Rubber ball colliding with steel ball of equal mass

1. Feb 16, 2014

goraemon

1. The problem statement, all variables and given/known data
Suppose a rubber ball collides head-on with a steel ball of equal mass traveling in the opposite direction with equal speed. Which ball, if either, receives the larger impulse? Explain.

2. Relevant equations
p = m*v
impulse force = change in p

3. The attempt at a solution

(1) At first I intuitively thought that since the rubber ball is more "bouncy" than the steel ball, it'll likely bounce off after the collision and travel in the opposite direction at a greater speed than the steel ball will. So I thought that the rubber ball will have larger change in momentum, and thus will exert more impulse, meaning the steel ball will receive the larger impulse.

(2) But then, I began thinking that my intuition may not be correct. The momentum change must be the same for both balls regardless of whether they're steel or rubber, meaning the impulse force must be equal....also, impulse is nothing more than the integral of the force exerted during some time interval. The balls collide for the exact same time interval, and the force exerted by the balls on each other is also the same.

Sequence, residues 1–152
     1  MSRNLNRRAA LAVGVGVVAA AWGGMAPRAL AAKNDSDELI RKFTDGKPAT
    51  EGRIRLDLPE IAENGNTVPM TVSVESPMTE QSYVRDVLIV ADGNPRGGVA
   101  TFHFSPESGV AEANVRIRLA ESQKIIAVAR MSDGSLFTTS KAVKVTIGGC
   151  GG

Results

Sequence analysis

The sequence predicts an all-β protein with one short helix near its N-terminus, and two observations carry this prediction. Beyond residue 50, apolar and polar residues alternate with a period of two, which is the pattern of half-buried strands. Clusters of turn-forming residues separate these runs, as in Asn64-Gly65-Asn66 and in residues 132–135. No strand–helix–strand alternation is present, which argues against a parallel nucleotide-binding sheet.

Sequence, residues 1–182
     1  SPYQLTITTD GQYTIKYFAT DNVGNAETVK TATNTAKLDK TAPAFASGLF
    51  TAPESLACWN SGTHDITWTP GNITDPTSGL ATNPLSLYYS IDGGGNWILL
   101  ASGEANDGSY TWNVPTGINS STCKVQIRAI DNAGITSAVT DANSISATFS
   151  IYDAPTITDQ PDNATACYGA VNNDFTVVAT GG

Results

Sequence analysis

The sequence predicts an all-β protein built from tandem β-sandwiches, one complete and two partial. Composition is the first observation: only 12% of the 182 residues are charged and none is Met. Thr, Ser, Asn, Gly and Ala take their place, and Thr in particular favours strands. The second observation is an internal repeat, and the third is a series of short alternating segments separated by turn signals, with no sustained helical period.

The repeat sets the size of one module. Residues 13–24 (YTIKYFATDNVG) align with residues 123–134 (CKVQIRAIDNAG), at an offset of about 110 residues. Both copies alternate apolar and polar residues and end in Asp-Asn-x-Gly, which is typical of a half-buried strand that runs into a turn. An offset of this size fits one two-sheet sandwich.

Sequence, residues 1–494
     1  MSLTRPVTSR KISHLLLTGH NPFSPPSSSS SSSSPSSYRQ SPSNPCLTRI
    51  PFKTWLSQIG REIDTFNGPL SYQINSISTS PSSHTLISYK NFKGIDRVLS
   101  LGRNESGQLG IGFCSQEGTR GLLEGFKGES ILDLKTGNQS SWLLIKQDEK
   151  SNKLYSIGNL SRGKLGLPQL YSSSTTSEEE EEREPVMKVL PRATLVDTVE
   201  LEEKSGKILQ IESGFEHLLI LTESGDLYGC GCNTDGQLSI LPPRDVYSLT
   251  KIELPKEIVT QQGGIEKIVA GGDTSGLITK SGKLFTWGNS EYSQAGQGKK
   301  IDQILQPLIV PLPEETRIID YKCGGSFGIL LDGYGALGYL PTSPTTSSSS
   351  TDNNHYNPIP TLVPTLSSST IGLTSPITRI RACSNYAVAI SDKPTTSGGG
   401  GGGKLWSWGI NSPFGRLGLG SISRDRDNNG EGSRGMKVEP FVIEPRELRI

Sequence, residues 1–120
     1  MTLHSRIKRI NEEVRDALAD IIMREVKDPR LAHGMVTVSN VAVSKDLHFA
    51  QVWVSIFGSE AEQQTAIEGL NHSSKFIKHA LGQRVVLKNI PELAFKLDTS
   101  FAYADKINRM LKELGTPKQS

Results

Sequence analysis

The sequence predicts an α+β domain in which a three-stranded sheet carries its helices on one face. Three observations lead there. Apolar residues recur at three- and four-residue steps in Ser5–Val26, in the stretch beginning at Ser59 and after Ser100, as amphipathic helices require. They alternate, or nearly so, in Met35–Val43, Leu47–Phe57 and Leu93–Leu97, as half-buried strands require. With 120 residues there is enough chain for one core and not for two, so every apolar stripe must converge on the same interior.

Is answer (2) correct? If so, would the answer remain the same if the question were changed to the following: "Suppose a rubber ball collides head-on with a steel ball of equal mass traveling in the opposite direction with **DIFFERENT** speeds."

Thanks a lot.

2. Feb 16, 2014

SammyS

Staff Emeritus
The second version is a very good analysis, especially the use of Newton's 3rd Law.

For the second scenario, ... how would your previous answer have to be modified? -- if at all ?

3. Feb 16, 2014

goraemon

Thank you for your response SammyS. My guess is that the answer should not change for the second scenario (where the balls' initial speeds are different), since the force exerted by the balls on each other should be the same in magnitude regardless of whether their initial speeds are the same or different...and the time interval of the force should also remain the same...is this reasoning correct or am I off base?

4. Feb 16, 2014

SammyS

Staff Emeritus
You are correct with that answer !